‘Cause making up is hard to do
Posted September 14, 2009on:
We entered the room in various states of, well, hair. Mine was shorter, grayish white – my natural color at long last – but still there. Not for long, mind you, but still there.
Other women had already lost their hair, covering their baldheads with a wig, a baseball cap, a straw hat or a turban. Still another woman noted her daughter had added pink to her hair for last weekend’s Steppin’ Out in Pink, a community-wide event to raise money for breast cancer research.
We were also all there for Look Good; Feel Better. This wonderful American Cancer Society program has a volunteer cosmetologist who demonstrates to women with cancer how to use a ton of very high quality makeup donated by a variety of companies. The idea is that if we look better we’ll feel better about ourselves during chemotherapy and/or radiation.
If we lose eyebrows, we can use this eyebrow pencil to draw them back in – or at least give some color to the area that once was eyebrowland. We were taught to put dots at strategic locations and then connect those dots.
A lip liner before lipstick will help us keep that bit of color all day. Then there was cleanser, eye shadow, eye liner, and much more.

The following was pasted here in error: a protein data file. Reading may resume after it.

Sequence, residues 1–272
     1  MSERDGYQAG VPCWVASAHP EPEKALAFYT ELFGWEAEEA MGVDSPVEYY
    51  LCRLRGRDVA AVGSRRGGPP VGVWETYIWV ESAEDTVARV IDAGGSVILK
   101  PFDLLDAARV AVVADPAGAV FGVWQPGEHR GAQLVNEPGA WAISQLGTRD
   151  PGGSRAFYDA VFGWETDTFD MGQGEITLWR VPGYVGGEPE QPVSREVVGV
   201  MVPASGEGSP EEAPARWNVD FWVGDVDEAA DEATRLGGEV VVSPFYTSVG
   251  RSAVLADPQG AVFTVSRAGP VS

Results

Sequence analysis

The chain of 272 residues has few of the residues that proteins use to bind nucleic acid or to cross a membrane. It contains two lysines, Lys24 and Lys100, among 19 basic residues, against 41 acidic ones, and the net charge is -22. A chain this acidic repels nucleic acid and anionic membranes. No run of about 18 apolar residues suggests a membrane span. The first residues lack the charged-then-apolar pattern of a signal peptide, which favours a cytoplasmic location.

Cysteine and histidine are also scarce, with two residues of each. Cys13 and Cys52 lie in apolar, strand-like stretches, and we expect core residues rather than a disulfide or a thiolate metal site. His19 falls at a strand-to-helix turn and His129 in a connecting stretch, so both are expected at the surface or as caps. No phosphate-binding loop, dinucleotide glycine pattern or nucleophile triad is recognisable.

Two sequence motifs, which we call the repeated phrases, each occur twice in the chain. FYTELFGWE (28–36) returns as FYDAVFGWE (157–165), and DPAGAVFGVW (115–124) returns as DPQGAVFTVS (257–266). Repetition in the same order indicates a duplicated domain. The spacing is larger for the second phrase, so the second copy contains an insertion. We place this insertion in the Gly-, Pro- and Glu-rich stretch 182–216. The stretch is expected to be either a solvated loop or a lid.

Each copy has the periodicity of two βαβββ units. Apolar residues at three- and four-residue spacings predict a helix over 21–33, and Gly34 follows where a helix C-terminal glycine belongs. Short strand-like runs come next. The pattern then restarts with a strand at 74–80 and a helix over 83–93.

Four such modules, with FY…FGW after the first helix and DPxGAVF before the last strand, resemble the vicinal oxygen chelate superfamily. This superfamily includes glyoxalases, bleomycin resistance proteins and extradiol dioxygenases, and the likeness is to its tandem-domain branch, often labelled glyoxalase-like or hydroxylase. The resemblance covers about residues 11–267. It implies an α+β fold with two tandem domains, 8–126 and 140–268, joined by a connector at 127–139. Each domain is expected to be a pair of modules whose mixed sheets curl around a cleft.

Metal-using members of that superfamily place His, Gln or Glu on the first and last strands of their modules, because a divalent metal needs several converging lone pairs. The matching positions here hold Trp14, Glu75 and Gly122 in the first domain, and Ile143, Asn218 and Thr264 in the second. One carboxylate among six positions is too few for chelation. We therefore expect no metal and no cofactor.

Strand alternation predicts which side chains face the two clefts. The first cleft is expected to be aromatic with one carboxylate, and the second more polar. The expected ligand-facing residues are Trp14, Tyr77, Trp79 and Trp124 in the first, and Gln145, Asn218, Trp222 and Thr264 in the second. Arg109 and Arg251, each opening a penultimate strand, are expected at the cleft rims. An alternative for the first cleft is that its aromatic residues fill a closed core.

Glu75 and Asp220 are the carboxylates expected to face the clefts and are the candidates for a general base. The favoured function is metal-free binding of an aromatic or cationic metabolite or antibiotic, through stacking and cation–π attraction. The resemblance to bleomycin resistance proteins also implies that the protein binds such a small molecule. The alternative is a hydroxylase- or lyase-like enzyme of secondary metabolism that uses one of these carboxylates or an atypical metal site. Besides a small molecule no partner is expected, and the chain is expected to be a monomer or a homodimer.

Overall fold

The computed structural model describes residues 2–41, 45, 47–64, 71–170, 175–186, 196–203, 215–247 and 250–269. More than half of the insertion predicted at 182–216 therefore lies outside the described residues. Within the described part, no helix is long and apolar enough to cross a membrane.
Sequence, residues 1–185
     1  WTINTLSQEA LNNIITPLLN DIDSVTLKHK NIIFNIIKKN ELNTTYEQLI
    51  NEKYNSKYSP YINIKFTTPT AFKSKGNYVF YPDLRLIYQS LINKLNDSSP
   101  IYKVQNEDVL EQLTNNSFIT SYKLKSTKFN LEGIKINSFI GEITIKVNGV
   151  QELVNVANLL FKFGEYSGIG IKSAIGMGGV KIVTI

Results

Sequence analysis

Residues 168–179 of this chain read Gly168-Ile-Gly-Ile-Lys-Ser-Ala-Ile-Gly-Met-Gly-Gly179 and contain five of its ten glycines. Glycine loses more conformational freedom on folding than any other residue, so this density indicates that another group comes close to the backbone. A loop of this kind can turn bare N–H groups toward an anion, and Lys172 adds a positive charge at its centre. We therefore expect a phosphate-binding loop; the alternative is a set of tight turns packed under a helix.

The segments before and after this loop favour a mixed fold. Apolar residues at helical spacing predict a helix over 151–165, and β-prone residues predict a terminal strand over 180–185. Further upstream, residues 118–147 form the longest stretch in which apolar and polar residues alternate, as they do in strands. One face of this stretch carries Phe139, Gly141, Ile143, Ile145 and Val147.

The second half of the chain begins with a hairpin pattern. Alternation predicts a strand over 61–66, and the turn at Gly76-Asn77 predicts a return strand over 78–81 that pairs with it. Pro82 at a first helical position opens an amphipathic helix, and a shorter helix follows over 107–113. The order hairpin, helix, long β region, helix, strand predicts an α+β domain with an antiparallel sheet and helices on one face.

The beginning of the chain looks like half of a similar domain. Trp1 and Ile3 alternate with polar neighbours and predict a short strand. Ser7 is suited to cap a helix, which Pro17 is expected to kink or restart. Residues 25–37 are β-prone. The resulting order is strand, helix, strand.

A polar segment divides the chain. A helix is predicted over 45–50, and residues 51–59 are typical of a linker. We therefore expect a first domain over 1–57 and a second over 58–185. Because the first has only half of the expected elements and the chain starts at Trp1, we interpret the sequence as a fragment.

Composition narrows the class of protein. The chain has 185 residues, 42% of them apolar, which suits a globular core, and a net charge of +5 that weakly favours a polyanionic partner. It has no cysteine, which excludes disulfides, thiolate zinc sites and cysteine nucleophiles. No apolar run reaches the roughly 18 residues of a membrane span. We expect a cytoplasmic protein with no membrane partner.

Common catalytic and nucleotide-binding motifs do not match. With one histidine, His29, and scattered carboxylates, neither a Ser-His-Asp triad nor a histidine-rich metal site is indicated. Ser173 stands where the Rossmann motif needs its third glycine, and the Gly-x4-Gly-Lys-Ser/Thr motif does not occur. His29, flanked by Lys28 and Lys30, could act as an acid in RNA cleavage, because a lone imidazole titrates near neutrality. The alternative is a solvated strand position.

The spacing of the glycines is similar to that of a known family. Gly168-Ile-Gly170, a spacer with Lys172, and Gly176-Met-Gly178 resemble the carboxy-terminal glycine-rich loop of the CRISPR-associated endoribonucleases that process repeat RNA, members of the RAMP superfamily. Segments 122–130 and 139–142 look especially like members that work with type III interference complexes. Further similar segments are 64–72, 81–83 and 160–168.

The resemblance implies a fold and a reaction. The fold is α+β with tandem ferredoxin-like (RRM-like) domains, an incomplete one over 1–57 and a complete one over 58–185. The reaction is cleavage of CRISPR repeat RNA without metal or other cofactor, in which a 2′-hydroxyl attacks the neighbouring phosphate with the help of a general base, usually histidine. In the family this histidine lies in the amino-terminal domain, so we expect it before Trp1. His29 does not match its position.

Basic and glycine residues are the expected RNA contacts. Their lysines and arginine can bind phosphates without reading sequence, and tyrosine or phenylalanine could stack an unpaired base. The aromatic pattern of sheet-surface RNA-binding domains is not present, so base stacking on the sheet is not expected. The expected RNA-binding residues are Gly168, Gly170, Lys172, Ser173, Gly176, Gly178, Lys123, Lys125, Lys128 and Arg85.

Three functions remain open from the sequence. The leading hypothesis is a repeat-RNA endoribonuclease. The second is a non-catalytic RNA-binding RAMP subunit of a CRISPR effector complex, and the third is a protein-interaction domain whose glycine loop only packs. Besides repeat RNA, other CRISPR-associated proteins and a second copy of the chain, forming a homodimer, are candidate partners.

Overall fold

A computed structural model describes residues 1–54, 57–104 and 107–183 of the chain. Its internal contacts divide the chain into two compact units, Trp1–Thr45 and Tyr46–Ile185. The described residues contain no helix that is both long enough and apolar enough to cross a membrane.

I’ve never been a big makeup person, perhaps because of my lack of fine motor skills. With all apologies to Neil Sedaka, in my case, it’s making up that’s hard to do, not breaking up. My eyebrow dots were excessive to say the least and my lipstick ended up on my teeth. Not good signs.
We all worked very hard at it, trying the donated makeup. For one woman, it was especially difficult. This was her fourth round of breast cancer, but her first time at Look Good; Feel Better.
All of a sudden she had tears in her eyes. The donated makeup was not for her complexion, she said. She felt she couldn’t use any of it.
And, I knew she was not crying about the makeup; the makeup was just the final straw – the catalyst for releasing the pain she was feeling.
And not a one of us knew how to help her.